Study: More than half of lawn mower injuries in children lead to amputation

ORLANDO, Fla. — Researchers found 53% of lawn mower injuries in children result in amputation, according to results presented at the American Academy of Orthopaedic Surgeons Annual Meeting.

Douglas Armstrong, MD, director of pediatric orthopedic surgery at Penn State Hershey Pediatric Bone and Joint Institute and colleagues studied data from the Pennsylvania Trauma Outcome Study of 199 children, ages 17 years and under, admitted to a pediatric or adult trauma center between 2002 and 2013 with lawn mower injury.

According to a press release from the meeting, boys accounted for 81% of injuries, 55% of injuries involved a riding mower and the most common injury site was the lower extremity which accounted for 65% of injuries.

Injuries were caused most commonly when children ran behind a mower; slipped under the mower while riding as passenger; collided with mower blades when machines were steered in reverse; and were struck by a mower that rolled over due to an uneven and/or wet surface. In many cases adults did not realize children were near the mower when injuries occurred.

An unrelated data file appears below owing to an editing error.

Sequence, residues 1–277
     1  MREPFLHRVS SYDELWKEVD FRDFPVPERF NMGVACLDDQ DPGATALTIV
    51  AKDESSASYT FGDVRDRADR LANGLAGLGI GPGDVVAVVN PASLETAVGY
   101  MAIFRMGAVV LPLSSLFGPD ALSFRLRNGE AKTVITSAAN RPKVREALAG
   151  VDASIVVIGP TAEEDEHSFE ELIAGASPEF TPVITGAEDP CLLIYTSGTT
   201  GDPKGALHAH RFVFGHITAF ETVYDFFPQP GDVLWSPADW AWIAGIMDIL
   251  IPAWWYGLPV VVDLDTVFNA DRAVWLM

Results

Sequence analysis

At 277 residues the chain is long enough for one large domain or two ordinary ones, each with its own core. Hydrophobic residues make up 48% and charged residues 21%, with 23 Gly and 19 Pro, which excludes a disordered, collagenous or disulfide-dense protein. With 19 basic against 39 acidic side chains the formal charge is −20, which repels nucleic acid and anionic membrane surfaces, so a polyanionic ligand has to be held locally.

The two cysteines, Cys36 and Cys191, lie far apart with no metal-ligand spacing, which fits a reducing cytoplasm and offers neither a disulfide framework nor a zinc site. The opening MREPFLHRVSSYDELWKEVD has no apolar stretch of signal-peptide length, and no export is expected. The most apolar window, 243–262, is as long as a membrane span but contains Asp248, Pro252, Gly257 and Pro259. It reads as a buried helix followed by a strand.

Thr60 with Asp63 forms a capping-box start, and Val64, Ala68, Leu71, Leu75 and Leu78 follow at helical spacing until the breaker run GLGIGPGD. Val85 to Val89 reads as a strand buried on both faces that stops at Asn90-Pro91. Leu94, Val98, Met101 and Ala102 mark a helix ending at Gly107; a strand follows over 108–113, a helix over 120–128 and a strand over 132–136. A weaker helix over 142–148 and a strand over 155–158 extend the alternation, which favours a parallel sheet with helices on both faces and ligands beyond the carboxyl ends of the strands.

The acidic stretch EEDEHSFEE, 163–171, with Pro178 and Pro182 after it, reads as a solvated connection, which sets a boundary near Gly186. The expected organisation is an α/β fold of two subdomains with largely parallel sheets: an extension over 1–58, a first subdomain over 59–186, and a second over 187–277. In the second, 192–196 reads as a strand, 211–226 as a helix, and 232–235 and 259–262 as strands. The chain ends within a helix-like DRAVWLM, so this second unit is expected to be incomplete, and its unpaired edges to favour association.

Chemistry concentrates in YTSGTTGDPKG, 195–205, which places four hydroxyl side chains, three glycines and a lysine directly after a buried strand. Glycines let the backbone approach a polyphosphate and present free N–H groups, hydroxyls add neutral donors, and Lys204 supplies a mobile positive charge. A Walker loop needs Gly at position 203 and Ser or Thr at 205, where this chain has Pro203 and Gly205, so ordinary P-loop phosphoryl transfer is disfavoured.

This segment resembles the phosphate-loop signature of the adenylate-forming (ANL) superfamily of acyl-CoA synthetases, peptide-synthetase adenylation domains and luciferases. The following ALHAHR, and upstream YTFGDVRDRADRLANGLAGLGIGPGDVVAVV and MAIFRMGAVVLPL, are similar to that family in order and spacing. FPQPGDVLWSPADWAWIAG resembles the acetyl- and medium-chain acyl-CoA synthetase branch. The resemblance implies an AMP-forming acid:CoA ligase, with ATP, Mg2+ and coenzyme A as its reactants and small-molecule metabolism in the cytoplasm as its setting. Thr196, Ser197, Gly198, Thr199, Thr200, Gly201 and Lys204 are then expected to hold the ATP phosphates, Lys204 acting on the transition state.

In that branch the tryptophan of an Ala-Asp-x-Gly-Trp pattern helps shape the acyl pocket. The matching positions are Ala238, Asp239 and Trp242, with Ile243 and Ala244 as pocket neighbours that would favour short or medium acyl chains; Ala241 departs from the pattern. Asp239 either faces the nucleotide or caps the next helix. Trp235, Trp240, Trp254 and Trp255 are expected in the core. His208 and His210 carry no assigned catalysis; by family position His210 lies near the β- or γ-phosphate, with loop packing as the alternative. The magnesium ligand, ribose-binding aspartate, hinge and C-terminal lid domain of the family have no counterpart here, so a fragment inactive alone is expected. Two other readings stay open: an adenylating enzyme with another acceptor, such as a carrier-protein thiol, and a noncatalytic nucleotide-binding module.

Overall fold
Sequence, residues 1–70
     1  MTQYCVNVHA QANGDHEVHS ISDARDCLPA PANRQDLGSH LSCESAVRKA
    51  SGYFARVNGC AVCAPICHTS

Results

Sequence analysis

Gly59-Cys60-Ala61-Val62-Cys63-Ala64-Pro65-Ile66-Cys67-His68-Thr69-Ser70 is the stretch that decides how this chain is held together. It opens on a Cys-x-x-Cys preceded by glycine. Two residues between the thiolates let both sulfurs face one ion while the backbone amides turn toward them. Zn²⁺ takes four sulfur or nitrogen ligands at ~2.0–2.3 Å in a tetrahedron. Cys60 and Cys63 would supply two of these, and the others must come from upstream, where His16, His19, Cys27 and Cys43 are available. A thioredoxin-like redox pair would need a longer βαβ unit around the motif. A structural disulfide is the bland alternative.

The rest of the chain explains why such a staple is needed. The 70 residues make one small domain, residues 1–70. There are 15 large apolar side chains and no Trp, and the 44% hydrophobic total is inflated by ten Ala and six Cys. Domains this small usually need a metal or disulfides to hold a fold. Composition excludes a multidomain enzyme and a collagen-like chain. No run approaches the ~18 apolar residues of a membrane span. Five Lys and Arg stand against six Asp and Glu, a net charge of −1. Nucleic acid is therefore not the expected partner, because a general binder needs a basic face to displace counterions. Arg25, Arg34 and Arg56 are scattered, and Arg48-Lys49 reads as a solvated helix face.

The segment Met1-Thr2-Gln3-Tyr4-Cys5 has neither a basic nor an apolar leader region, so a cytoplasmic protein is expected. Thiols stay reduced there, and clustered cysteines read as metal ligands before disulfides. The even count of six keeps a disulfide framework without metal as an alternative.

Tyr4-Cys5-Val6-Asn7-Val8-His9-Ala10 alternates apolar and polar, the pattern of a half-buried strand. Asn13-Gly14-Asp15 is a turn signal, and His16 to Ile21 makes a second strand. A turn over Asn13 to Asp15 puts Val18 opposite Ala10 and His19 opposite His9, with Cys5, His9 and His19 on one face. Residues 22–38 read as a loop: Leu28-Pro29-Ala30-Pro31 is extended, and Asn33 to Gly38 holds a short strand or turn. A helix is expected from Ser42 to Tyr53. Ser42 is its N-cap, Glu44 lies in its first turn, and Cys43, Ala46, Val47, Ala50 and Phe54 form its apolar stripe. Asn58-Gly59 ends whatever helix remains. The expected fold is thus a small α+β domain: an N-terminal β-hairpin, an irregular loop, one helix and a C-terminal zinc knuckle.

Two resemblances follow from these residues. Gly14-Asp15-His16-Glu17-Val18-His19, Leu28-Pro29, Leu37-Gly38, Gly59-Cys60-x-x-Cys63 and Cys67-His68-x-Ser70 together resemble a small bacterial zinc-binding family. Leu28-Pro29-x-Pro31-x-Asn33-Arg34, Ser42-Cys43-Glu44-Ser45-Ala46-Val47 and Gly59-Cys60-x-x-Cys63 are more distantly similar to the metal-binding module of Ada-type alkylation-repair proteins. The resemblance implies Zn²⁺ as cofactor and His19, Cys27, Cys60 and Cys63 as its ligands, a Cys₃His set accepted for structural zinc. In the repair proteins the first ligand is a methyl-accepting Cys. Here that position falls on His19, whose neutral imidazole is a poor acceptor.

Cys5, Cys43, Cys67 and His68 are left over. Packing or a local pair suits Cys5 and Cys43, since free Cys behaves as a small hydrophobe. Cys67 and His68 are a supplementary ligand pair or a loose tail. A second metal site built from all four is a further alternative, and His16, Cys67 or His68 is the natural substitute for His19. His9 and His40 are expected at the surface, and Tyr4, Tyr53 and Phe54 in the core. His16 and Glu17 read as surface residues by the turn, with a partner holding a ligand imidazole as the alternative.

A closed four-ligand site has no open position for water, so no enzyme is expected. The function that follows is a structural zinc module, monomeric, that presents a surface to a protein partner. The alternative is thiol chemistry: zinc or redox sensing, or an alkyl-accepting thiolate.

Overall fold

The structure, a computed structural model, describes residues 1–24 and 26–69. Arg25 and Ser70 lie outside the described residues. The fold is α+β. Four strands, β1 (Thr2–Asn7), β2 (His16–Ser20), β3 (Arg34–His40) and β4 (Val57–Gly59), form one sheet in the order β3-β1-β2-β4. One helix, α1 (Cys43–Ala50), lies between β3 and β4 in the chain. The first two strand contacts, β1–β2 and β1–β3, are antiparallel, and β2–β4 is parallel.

A total of 106 children required amputation and 91% of injuries occurred between April and September.

The study also found many parents and children are unaware of, or not following, safety tips and precautions offered by the American Academy of Orthopaedic Surgeons, American Academy of Pediatrics and other child and health organizations.

“We have to find a way to stop kids from being around lawn mowers,” Armstrong said in the release. “Many parents do not realize that the blade is such a forceful, blunt instrument — even if it is hidden under the mower.”

He added, “These injuries are devastating to kids and their families.”

Armstrong and colleagues recommended the creation of a spring education campaign that employs social media, school nurses, pediatricians, TV ads and other resources to remind parents how to keep children safe from lawn mower injuries.


Armstrong D, et al. Poster #506. Presented at: American Academy of Orthopaedic Surgeons Annual Meeting; March 1-5, 2016; Orlando, Fla.

Disclosure: Armstrong reports no relevant financial disclosures.

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